Congratulations on finding an interesting way to parallelise the execution of
git filter-branch - I think in principle, the procedure you've described would succeed in giving a correct & internally-consistent re-written history, though that would definitely depend on precisely what your
--index-filter command was doing (the resulting branch histories would appear completely separate if you were doing something crazy like inserting random numbers into files, for instance).
git filter-branch is a very powerful tool: It allows you to perform completely arbitrary operations against each & every file and commit in your history - and though that flexibility sounds appealing, it often works against you - you pay a heavy price in execution time for it. So the question is- do you need that flexibility? Could you be more specific in your question about what you're trying to achieve?
The BFG, an alternative to git filter-branch...
As of Git v1.9, the documentation notes for
git filter-branch contain this advice (admittedly contributed by myself, but vetted by the Git mailing list!):
git-filter-branch allows you to make complex shell-scripted rewrites
of your Git history, but you probably don't need this flexibility if
you're simply removing unwanted data like large files or passwords.
For those operations you may want to consider The BFG Repo-Cleaner, a
JVM-based alternative to git-filter-branch, typically at least 10-50x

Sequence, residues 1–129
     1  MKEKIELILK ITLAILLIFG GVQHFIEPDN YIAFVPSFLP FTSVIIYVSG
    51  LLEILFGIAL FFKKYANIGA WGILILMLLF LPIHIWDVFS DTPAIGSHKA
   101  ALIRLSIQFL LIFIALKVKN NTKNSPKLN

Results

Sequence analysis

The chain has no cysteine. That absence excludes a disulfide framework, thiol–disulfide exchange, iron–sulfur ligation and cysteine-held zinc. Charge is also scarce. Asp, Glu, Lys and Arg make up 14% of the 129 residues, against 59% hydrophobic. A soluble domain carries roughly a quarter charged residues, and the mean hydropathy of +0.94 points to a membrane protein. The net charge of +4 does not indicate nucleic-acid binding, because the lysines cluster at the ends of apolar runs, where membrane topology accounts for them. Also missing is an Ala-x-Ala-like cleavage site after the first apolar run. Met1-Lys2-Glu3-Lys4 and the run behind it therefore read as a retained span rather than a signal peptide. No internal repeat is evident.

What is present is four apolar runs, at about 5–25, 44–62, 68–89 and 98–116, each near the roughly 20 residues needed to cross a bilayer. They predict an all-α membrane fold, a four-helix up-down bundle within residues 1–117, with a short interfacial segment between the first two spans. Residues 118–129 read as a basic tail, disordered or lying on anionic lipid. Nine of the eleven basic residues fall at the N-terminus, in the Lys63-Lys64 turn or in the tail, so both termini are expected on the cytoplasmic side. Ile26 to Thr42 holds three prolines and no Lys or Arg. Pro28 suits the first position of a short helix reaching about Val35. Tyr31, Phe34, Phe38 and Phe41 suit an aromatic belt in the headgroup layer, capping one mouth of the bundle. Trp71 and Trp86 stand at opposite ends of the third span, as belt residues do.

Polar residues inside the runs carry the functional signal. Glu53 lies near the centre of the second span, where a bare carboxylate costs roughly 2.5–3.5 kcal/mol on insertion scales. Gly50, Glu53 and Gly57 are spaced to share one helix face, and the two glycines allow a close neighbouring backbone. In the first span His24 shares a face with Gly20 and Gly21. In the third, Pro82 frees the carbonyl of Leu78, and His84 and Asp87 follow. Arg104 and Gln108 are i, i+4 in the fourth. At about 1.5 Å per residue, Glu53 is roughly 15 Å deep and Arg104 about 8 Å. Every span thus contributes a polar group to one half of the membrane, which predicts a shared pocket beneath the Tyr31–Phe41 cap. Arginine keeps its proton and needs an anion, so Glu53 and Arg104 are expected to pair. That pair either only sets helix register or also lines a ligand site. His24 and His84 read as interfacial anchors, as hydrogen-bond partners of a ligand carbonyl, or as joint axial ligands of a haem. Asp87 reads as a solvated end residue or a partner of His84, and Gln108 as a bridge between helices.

faster for those use-cases, and with quite different characteristics
The BFG can perform many of the tasks that
git filter-branch is used for - but does so much faster - in part because it uses memoization, but also because it performs parallelisation of the cleaning tasks, allowing it to take full advantage of multi-core machines. These factors combine to make an execution time saving rather better than the 30% reduction you might possibly get from parallelising the
filter-branch runs - in fact, the run-time reduction is often much closer to 98%, a 50x speed-up or above.
A comment by Elliot Glaysher, Google engineer working on Google Chrome:
I was able to shrink the current repository down to ~500 megabytes in
about 10 minutes when using this tool. My hand crafted scripts clock
in at 615 megabytes in 3 days time for comparison.
All told, it's worth considering whether The BFG could be a better tool for the job.
Full disclosure: I'm the author of the BFG Repo-Cleaner.